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About Pauline

A 30 something French girl looking for ways to make more money. I blog about real estate, side hustles, improving your career, investing and making money online.

You can find me on Twitter, Google+, or Make Money Your Way's Facebook Page

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  1. For newbies like me this is awesome info. I’m not really expecting to make anything on my blog, especially with the level of effort I put into it, but I’m fascinated to hear about the potential and going rates.
    Mr. Bonner recently posted…Beach house vacationMy Profile

    • Those are the rates to write for other blogs, if you find a successful blog you can ask for a bit more but those are the rates I got with little experience on medium sized blogs.

  2. This is so true! -> “Lessons learned: it is often easier to network than to try to find a gig through Elance.” All paid writing I have done (granted it’s not much) was through networking.

    I think I have a hunch what website your friend of a friend started. If it is the one I’m thinking of, they must be doing pretty well for themselves.
    DC @ Young Adult Money recently posted…The Weekly Quick Hits RoundupMy Profile

  3. Great tips here. This is definitely something I’ve considered to get a little side money coming in. Always good to get a little more info on what’s expected and what pricing looks like.
    Matt Becker recently posted…A Money Lesson For Me and My NieceMy Profile

  4. Thanks, Pauline, for sharing so much info here. I’ve been wanting to get into some freelancing stuff.
    Laurie @thefrugalfarmer recently posted…What You Can Expect if You Choose to Go on a Get out of Debt JourneyMy Profile

  5. Great post! When I switch to 100% freelancing, I plan on writing online more. Can’t wait!
    Michelle recently posted…Simple Ways YOU Can Get Rich SlowlyMy Profile

  6. Cool, very interesting to find out what other freelancers charge.
    Mo’ Money Mo’ Houses recently posted…The Craziest Week Ever & Why I Don’t Want to Buy Cheap or Used Furniture AnymoreMy Profile

  7. I agree that just looking for freelance writing opportunities is sometimes finding a needle in a haystack. You just have to keep writing on your own site and eventually people will pick up on it. That kind of thing is slowly happening to me. Baby steps! :)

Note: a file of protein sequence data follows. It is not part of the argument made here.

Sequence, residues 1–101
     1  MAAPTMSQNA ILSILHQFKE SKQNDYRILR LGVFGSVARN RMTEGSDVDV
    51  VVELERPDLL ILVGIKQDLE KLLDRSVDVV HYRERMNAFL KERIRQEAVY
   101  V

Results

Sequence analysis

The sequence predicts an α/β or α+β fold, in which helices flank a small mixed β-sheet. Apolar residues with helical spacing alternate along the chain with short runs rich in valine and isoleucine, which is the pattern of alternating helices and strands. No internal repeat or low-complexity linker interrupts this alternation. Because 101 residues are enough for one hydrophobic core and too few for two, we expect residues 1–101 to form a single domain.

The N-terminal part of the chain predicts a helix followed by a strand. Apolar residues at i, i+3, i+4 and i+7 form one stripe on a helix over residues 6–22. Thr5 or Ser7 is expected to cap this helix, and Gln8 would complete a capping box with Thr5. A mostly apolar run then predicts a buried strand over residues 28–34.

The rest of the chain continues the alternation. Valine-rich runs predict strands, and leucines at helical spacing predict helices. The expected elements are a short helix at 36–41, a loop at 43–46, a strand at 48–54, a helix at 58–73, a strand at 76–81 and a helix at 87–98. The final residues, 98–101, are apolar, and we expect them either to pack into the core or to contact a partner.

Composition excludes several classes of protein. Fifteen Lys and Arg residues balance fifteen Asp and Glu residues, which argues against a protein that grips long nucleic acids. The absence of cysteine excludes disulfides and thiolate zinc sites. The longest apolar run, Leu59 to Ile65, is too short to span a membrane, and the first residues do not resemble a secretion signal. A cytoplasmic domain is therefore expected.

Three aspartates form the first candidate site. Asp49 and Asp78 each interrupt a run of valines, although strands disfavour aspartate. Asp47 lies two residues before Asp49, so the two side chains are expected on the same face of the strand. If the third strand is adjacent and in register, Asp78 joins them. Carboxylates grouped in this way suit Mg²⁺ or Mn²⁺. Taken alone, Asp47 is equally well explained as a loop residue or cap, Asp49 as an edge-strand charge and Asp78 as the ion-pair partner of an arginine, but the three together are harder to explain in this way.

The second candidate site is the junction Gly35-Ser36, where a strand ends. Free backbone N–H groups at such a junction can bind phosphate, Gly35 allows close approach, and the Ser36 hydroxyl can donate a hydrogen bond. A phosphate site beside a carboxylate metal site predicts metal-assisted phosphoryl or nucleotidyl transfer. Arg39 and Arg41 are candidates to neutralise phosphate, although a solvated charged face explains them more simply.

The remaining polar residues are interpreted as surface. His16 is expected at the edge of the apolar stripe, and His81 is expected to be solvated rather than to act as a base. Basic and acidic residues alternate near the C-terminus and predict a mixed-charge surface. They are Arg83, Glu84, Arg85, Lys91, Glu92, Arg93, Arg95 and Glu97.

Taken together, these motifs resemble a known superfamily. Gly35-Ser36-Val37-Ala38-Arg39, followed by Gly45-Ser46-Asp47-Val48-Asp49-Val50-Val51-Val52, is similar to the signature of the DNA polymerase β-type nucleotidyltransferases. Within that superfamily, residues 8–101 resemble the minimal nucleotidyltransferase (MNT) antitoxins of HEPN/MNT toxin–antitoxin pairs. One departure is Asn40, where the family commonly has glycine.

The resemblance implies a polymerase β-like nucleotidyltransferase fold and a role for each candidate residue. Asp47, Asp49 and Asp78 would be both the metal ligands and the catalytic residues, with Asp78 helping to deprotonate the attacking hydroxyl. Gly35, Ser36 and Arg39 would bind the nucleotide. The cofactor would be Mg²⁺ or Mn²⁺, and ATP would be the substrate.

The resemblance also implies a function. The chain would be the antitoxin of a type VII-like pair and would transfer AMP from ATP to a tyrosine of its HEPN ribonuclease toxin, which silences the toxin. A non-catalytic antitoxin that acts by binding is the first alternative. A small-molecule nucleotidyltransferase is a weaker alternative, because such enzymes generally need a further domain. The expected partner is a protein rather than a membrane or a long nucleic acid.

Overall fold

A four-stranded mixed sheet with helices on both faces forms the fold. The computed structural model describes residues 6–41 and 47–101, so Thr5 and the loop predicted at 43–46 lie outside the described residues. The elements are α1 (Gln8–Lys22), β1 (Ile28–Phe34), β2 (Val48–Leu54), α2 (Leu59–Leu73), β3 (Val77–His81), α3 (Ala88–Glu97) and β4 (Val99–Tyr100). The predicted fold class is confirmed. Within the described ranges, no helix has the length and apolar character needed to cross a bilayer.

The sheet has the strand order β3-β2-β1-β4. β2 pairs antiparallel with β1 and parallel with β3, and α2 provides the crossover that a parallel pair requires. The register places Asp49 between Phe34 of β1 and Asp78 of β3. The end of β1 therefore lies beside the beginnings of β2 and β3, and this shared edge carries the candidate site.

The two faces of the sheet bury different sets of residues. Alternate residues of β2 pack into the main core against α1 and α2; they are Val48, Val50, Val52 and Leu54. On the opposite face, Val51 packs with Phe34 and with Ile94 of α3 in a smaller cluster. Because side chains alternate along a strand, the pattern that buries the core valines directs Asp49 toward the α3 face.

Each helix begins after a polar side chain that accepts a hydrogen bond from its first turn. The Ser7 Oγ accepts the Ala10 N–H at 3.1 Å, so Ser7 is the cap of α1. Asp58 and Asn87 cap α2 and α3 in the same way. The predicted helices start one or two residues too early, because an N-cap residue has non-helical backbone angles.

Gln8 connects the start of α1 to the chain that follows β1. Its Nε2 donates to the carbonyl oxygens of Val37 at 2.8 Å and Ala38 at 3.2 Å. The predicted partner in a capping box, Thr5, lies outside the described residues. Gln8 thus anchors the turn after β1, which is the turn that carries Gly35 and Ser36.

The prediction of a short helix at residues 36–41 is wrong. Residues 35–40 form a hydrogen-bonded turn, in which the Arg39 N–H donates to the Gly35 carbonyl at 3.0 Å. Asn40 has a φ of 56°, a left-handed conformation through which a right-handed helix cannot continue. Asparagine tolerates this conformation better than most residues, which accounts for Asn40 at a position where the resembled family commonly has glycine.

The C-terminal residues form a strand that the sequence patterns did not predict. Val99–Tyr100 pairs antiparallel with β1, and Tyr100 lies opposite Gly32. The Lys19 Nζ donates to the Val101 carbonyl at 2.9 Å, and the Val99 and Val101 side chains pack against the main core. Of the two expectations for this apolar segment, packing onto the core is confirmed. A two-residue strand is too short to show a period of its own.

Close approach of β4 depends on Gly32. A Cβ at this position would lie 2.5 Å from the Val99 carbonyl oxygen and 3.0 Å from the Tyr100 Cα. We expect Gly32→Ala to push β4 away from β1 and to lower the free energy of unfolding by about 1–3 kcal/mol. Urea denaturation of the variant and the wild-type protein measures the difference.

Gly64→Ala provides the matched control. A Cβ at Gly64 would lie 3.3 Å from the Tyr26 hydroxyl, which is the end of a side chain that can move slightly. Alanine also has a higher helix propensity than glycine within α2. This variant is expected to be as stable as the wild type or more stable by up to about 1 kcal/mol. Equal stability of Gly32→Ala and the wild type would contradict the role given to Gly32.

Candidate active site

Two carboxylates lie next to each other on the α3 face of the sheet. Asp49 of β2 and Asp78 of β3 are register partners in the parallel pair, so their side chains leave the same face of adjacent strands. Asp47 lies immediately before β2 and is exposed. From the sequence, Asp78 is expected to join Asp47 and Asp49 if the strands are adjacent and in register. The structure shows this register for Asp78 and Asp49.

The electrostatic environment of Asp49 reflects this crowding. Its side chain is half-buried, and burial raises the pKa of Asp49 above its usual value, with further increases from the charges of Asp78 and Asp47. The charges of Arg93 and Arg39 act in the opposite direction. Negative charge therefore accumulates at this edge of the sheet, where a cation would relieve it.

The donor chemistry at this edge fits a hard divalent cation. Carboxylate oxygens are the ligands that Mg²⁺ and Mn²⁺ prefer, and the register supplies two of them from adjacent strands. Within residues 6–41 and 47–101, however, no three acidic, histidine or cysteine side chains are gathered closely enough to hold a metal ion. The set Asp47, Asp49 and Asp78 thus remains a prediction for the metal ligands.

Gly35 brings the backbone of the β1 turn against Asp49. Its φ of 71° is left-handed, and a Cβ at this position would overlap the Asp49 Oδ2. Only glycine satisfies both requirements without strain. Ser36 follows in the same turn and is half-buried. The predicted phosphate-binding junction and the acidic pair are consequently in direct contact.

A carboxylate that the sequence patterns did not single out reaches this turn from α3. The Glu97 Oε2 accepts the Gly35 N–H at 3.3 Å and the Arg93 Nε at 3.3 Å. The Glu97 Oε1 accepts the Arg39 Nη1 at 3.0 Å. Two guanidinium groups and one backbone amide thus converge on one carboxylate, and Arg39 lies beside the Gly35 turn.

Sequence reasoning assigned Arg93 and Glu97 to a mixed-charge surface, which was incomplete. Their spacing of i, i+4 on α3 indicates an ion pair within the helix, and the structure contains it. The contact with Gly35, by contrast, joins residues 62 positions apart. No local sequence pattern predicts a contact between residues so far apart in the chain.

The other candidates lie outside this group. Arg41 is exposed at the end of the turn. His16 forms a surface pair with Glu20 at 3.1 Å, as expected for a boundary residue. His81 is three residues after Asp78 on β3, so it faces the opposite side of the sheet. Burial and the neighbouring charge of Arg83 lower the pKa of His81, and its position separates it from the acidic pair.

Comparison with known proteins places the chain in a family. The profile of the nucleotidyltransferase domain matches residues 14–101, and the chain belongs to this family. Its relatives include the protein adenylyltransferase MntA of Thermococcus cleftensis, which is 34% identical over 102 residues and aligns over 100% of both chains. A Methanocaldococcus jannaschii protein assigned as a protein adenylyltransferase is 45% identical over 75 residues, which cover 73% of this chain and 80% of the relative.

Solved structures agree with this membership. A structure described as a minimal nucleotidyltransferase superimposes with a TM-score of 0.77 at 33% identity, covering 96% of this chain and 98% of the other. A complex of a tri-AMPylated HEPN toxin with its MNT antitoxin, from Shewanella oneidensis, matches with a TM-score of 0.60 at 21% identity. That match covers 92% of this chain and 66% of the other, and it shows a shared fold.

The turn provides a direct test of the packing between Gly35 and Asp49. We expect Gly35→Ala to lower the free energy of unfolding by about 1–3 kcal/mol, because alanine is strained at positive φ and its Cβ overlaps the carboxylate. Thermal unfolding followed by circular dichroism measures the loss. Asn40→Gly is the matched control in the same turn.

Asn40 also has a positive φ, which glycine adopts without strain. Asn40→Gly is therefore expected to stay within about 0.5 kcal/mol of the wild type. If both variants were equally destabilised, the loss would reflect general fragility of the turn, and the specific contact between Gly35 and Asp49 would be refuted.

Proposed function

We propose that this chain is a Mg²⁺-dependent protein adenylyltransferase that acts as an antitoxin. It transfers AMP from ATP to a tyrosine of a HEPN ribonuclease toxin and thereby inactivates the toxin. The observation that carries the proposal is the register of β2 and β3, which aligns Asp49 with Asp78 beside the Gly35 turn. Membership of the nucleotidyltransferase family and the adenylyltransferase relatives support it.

Budget and the Beach recently posted…4 Ways To Become an Expert DIY’erMy Profile

  8. Very interesting post on freelance rates. I really want to increase my writing gigs. I enjoy writing, so it’s not work for me.
    SavvyFinancialLatina recently posted…The Home Search BeginsMy Profile

    • Travel writing was the most awesome gig for me, as I loved to travel and write but I got burned out. If I have one piece of advice it is to take no more than you can chew, writing for others take time, discussing topics, getting the post ready, feedback after, tracking payments, etc.

  9. Thanks for the overview. I haven’t ventured into freelancing before, so I didn’t know what prices were normal. My wife or I may try getting into it in the future. It sounds like a pretty decent way to make money if you don’t mind writing (and are good at it).
    Jake @ Common Cents Wealth recently posted…Weekly Recap – July 12th, 2013My Profile

    • You don’t have to be really good, I was writing in Spanish and it is not my mother tongue, nor is English. For most sites, having posts is like increasing your database, when you write short factual posts you don’t need to be a great writer.

  10. Since I’m just now looking into freelance writing, this post has perfect timing. I appreciate your honesty when dealing with failure as well!
    Keren @ Stepping It Down recently posted…Free Friday: Kids Eat for Free!My Profile

    • Thanks Keren, I think it is only fair to show that not everything works for everyone, you can make it seem easy but you would only fool people into thinking something that is not.

  11. Another very informative post Pauline. I have seen your writing all over but I like how you plan things out. Bang those posts out in three days and make 1g in as little time as possible. Some people refuse to stick to a schedule I find things work a lot better for me that way. Networking, being helpful and asking questions are the best ways to succeed. I also really enjoyed hearing two sides of the coin what worked and didn’t work for you. Keep up the great work.
    Thomas | Your Daily Finance recently posted…Real Estate Investing How Do I StartMy Profile

    • Thank you Thomas! It takes time and dedication but you can make a nice extra income if you are dedicated. Once you start, things snowball, the problem is many people give up before it does.

  12. This is a very timely post for me, since I just started offering writing services through my blog. Thank you Pauline!
    Nick @ recently posted…Does Passion Matter? How to Find Your Dream JobMy Profile

  13. I was SO surprised when I found a gig that paid $80 per post on eLance. That wasn’t the norm….but if you really dig, there are decent paying jobs out there writing.
    AverageJoe recently posted…The Stacker: My Huge Income EditionMy Profile

    • Bigger blogs certainly have the budget for that, and if there is some research involved, even more. If you offer $80 you can pick the very best of 200 applicants whereas if you offer $10 you’ll have trouble getting quality content.